Sucks not to have a sister around for playing and cups of tea and babysitting and such though.
    x

    ReplyDelete
  3. As Kate says, losing the practical on-hand family support will be hard, but at least these days we have the internet for extra connectedness. You'll have to learn skype.

    ReplyDelete
  4. Tell B that I hope the move goes well- it's ages since I've seen her!
    Think of all the wonderful Queensland op shops that will now be possible!
    pen xxx

    ReplyDelete
  5. That beautiful photo of feeding the babies.
    I feel for you so much - big deep breaths and shed the tears if you need to..
    driving trips to Queensland can be fun you know..

    ReplyDelete
  6. It was strange to read this post. I come from a dispersed family, even before my siblings and I were born.
    I'm very happy to live far away from parents and siblings. I find a two week "holiday" visiting them very stressful!
    I think friends form family where I am. I'd be really sad if a close friend moved away.

    ReplyDelete
  7. This is so odd for me...Iam an ex Coburg girl or around those parts who has come up to the UK kids in tow for the past 3 yrs. We are now about to move back to the NSW/Queensland border having never lived in those parts..Iam a bit stressed
    It is comforting seeing your sister moving to Queensland even though we dont know you guys- and we too are negotiating a container but to be shipped from way up here to the same spot...strange but poetic.
    Ps My brothers and sister and I live in three different countries it is hard to catch up esp since we all have kids but the times we do are special and with lots of varied holiday destinations..you will get used to blocking out time together its a different way but it can be good...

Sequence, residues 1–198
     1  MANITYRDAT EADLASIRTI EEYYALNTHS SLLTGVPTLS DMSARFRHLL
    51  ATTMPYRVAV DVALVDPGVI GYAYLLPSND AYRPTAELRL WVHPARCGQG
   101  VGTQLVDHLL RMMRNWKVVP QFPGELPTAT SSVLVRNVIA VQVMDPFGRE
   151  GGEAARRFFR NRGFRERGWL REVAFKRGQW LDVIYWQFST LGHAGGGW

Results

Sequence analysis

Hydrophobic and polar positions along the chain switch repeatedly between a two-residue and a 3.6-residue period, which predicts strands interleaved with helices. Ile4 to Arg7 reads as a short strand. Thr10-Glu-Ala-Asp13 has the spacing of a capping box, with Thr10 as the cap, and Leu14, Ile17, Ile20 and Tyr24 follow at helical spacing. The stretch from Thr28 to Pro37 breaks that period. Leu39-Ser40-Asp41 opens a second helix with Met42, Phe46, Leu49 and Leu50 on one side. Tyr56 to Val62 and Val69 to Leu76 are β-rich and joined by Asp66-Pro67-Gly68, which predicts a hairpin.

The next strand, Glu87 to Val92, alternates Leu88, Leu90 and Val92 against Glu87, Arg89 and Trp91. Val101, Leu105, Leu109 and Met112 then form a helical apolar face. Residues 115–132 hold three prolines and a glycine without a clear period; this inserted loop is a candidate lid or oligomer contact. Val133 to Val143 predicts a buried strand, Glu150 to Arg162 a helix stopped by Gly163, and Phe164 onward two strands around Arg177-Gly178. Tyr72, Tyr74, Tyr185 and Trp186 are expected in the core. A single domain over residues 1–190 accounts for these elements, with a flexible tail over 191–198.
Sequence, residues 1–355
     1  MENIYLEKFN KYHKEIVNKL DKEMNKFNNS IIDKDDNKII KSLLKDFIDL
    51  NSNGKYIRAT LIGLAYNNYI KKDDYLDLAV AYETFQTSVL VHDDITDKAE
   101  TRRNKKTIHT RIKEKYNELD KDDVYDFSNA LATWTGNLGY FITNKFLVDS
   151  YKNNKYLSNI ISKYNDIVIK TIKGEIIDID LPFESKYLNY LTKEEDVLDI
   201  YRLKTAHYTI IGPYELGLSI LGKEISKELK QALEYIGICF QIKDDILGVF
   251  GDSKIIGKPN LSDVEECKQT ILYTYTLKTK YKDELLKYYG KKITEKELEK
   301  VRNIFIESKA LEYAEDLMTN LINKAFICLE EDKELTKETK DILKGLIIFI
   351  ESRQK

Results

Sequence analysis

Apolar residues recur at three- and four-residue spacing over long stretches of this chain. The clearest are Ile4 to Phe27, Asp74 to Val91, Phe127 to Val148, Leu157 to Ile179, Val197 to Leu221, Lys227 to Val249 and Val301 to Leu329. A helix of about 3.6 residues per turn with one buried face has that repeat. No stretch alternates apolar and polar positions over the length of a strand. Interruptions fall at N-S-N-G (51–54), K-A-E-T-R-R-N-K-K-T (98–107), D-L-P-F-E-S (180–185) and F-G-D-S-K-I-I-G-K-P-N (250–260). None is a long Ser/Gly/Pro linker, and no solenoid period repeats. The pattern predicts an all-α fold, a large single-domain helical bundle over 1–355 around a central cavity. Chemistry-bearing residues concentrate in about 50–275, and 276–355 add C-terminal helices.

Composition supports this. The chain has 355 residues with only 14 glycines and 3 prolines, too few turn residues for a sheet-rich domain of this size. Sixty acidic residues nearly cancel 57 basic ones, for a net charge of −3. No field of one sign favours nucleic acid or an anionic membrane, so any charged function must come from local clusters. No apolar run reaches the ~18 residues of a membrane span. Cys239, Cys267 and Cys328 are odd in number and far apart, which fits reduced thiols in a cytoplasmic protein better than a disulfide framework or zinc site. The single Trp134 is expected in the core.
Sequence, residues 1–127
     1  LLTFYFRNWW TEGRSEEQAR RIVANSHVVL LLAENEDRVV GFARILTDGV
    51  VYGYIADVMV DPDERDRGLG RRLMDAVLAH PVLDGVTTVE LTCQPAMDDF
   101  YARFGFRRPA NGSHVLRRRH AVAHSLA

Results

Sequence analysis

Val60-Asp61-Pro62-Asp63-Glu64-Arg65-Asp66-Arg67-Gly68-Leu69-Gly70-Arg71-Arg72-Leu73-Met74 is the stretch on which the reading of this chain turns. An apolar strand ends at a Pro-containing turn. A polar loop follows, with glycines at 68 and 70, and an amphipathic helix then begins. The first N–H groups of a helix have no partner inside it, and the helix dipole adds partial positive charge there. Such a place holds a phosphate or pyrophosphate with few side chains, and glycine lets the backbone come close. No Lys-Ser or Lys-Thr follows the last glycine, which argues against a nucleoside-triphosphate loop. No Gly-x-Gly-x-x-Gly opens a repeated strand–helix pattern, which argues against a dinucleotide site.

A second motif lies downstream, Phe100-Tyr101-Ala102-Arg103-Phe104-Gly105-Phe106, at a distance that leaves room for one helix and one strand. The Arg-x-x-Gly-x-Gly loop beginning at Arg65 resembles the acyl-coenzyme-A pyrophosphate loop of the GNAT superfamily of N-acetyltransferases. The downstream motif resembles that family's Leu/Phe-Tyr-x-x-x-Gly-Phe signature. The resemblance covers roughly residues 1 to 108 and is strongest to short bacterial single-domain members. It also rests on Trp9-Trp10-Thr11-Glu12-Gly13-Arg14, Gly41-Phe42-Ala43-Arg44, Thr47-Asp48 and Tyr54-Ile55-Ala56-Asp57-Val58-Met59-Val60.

ReplyDelete
  8. It's the beginning of a new adventure for both you and your sister, with many long phone calls, surprise packages in the mail, newsy emails and glorious shared holidays in the future.
    I know that sounds kinda Pollyanna....but having lived away from my own brother and parents for so many years I do know this to be true!
    P.S. I miss you.

    ReplyDelete
  9. The closest thing I came to this experience was when Jenni moved to Newcastle because her hubby was posted there with the RAAF. This has happened twice now, with a bit in the middle where he scored a job at a base in Melbourne, so in effect, I've had to say goodbye to my friend twice, knowing how our lives will be too busy to really stay totally in touch. It's hard; she's my sister more than just my friend really. It's difficult not to have each other at hand, and for our kids to grow up far apart. I hope there are lots of interstate holidays coming up in the future for you x

    ReplyDelete
  10. We all live in different places too and miss being able to pop over for an afternoon or meet in town for a coffee . But phone calls and emails help .And you really appreciate the times you can all get together !

    ReplyDelete
  11. My partner and her sister live in different cities and have one of those mobile phone plans where they can talk free to each other for 15 minutes at a time. They speak literally every day. And then there is Skype, which is very easy to download and use - and apparently you can call mobile phones from Skype for free, so you don't always have to line up time when you're both online.

    ReplyDelete